Documentary Releases: This Cold Life (2017) - Reviewed

The last time we saw documentary filmmaker Darren Mann, he and his co-director became the targets of the very Chinese regime they set out to investigate.  A year later however, Mann set his sights on a very different region with his new film This Cold Life: Longyearbyen, the world’s northernmost settlement located in Svalbard, Norway.  Three-hundred miles off of the North Pole, the 2,200 residents living there have to deal with three months of nighttime darkness and temperatures down to 40 below zero.  Much like Werner Herzog’s documentary Happy People, This Cold Life zeroes in on several residents living in the desolate chilly region who are just tickled pink to talk about what it means to live in the Longyearbyen.

Initially a thriving coal mine location before going under and transforming the outpost to a new industry dependent on tourism, This Cold Life presents a smorgasbord of characters including but not limited to coal miners, heavy drinkers and dogsledding breeders.  Surrounded by mountains, glaciers and outnumbered by the polar bear population, the setting will remind some viewers of the Barrow, Alaska set horror film 30 Days of Night with respect to how people have adapted to the extreme cold and perpetual darkness.  But life is far from gloomy in the Longyearbyen with the film’s generally chipper tone and upbeat outlook of the residents who learned to live with the cold mountains and how similar their lives are to our own.
Visually this is a breathtakingly shot and edited documentary dripping from corner to corner of the frame with astonishing vistas of tranquility.  If there’s a film to demonstrate the capabilities of your newly bought 4K television, it is most certainly this one.  The film’s ethereal score rendered by Haana complements the stunning images of a small village city surrounded by mountains and glaciers.  Taking a trip through the Longyearbyen for roughly an hour and a half is enough to change one’s outlook on our own way of suburban or city life to see a society functioning while almost completely removed from the rest of the world.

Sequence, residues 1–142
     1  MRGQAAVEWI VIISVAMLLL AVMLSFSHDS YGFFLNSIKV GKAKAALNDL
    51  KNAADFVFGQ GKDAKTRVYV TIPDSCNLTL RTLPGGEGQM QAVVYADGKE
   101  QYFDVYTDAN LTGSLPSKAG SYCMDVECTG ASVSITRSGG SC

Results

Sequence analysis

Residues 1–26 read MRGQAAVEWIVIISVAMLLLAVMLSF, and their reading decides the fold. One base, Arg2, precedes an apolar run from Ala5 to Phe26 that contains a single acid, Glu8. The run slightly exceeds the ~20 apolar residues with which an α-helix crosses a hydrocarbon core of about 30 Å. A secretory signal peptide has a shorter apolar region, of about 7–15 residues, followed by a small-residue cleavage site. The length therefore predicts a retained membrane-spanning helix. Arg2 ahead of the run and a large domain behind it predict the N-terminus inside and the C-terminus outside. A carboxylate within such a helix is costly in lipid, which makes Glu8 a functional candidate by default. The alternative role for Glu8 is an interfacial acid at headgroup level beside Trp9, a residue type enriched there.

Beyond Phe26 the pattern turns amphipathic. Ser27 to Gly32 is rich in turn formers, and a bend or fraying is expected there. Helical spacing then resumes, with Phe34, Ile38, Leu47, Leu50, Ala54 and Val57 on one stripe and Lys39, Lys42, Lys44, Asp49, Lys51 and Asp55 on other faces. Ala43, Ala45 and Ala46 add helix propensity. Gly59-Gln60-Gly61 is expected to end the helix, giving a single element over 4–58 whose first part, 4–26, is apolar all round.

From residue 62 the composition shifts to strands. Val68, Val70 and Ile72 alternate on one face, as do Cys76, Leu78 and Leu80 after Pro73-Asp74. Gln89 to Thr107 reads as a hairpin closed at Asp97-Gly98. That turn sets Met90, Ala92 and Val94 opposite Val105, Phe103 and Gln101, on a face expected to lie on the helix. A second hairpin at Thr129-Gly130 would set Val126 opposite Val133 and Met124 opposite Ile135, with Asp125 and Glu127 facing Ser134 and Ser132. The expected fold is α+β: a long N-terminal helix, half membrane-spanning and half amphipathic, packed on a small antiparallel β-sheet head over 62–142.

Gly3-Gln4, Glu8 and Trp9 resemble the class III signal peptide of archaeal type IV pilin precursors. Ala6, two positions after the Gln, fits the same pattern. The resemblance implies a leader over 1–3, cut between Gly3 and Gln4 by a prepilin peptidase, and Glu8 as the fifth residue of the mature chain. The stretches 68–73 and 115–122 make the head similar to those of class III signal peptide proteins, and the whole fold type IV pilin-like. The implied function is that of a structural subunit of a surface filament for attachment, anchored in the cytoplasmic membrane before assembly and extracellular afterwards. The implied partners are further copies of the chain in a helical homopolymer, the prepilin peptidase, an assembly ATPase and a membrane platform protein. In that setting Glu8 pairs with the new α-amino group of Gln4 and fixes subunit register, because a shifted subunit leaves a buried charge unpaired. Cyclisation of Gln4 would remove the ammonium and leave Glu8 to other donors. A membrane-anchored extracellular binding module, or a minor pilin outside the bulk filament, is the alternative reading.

While This Cold Life won’t necessarily make you join the residents chilly and distant landscape, it will likely make you want to take a visit there if only to experience their way of life for yourself.  Life is hard for those living in the Longyearbyen but those immersed in it wouldn’t have it any other way.  For the time being however, this beautiful and evocative documentary film will take you as close to the northernmost remote city in the world as possible.

--Andrew Kotwicki